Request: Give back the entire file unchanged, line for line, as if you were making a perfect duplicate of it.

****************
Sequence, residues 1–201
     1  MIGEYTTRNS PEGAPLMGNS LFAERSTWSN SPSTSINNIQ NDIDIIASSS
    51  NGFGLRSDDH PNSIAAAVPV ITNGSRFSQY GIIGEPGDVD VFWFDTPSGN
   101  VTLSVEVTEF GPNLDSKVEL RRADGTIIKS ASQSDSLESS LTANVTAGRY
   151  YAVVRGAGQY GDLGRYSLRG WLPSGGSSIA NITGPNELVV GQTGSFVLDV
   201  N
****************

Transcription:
Sequence, residues 1–201
     1  MIGEYTTRNS PEGAPLMGNS LFAERSTWSN SPSTSINNIQ NDIDIIASSS
    51  NGFGLRSDDH PNSIAAAVPV ITNGSRFSQY GIIGEPGDVD VFWFDTPSGN
   101  VTLSVEVTEF GPNLDSKVEL RRADGTIIKS ASQSDSLESS LTANVTAGRY
   151  YAVVRGAGQY GDLGRYSLRG WLPSGGSSIA NITGPNELVV GQTGSFVLDV
   201  N